German Raid on Moscow, 1941
With the 70th anniversary of Pearl Harbor on the horizon, we turn our attention to the eve of US involvement in the war that changed the world. This entry by the Museum’s Senior Director of History & Research, Keith Huxen, is just one of many historical essays on 70th anniversaries we will be posting in coming years. You can also keep up with significant dates by following the Museum’s Twitter feed, @wwiitoday.
The Atlantic Charter: 70th Anniversary, August 14, 1941
In the summer of 1941 the historical pathway of the Second World War was rapidly changing. In Asia, Japan found herself still struggling after four years to complete and consolidate her conquests in China without recourse or access to the raw materials spread further across the Southeast Asian archipelago. Pressure in the European war was also reaching critical mass. Great Britain, having survived the previous summer by fending off Operation Sea Lion, Hitler’s planned invasion across the English Channel, had continued to fight Germany alone. Unable to complete Britain’s defeat by late October 1940, Hitler gambled and unleashed Operation Barbarossa, the German invasion and double-cross of the Soviet Union. The Germans believed that total victory over the USSR could be completed in six months. Germany’s gamble would achieve four great objectives: Soviet defeat would rob Britain of her last potential European ally and force Britain to a separate peace; Hitler would eliminate the Soviet Communist regime which he regarded as his great ideological enemy; Hitler would acquire through invasion the vast Lebensraum or eastern living space in Ukraine where he intended to build a purely Aryan empire; and last, as the German army acquired and controlled the territories of Eastern Europe, Hitler would gain control of two-thirds of Europe’s Jewish population (along with other racial undesirables in the Nazi lexicon) which he intended to extinguish from European life. Unleashed on June 22, 1941, the Nazi invasion and strategy appeared to have a good chance of success as the Nazis drove deep into Soviet territories.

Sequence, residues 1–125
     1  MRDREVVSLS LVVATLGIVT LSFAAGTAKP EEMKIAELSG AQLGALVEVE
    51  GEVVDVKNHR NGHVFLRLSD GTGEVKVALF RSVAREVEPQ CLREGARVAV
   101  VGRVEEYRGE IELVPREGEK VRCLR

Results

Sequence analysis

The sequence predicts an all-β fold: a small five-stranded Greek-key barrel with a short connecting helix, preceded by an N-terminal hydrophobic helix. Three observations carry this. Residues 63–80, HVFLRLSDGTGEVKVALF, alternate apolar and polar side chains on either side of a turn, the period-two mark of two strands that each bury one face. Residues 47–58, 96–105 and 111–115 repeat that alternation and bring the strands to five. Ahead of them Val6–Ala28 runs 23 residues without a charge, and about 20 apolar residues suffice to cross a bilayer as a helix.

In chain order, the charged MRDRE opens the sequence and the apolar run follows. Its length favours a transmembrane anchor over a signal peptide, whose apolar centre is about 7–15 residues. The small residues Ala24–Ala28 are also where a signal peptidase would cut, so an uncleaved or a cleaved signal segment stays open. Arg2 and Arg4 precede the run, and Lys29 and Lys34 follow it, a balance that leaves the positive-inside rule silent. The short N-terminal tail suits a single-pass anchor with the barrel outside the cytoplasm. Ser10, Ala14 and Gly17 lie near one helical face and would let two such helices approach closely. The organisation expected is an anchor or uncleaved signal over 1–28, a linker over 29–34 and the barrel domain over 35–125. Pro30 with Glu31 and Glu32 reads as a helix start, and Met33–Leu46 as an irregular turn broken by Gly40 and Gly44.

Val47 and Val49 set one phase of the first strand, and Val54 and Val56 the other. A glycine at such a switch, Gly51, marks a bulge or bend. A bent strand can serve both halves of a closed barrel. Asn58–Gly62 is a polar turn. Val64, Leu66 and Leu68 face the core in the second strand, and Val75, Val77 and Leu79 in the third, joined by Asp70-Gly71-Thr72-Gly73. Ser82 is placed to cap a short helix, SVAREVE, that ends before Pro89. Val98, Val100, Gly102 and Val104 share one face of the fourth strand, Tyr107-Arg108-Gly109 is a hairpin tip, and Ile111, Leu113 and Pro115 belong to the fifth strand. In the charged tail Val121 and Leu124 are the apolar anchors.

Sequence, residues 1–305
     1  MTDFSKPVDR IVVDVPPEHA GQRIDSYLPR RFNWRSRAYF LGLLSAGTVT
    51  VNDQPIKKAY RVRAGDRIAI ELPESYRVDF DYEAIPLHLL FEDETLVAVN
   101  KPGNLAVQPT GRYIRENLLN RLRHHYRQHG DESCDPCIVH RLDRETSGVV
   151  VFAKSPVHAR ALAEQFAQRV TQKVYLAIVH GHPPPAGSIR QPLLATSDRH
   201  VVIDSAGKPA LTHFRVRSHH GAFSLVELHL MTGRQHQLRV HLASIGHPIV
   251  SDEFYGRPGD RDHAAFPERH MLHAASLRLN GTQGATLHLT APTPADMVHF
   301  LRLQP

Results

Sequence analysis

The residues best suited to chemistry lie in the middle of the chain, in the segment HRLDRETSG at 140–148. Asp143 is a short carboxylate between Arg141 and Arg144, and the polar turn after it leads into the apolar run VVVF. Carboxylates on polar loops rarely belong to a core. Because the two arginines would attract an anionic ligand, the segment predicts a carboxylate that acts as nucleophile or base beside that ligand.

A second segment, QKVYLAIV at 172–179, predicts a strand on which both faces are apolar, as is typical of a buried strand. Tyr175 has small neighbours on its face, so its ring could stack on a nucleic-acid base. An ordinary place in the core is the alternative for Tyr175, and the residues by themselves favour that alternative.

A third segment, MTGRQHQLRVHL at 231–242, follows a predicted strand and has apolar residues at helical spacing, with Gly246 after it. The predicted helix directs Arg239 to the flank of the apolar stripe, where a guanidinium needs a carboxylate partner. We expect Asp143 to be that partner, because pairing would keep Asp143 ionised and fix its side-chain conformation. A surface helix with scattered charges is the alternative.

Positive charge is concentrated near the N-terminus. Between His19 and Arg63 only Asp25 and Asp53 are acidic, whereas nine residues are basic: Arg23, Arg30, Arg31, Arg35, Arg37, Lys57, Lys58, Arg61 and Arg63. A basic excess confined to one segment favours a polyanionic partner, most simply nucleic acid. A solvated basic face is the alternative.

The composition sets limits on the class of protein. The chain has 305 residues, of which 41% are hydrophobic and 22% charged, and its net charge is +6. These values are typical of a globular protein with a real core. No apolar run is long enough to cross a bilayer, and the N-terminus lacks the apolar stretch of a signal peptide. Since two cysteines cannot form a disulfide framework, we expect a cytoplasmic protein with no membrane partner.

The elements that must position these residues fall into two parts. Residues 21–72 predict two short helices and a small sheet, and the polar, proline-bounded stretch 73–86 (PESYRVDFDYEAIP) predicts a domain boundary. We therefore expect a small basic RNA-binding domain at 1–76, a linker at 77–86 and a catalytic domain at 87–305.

Despite a long and dedicated political opposition to Communism, Britain’s Prime Minister Winston Churchill immediately welcomed Joseph Stalin and the Soviets as an ally in the fight against Nazism. When questioned on his political pivot, Churchill famously observed that “if Hitler invaded Hell, I would at least make a favorable reference to the Devil.”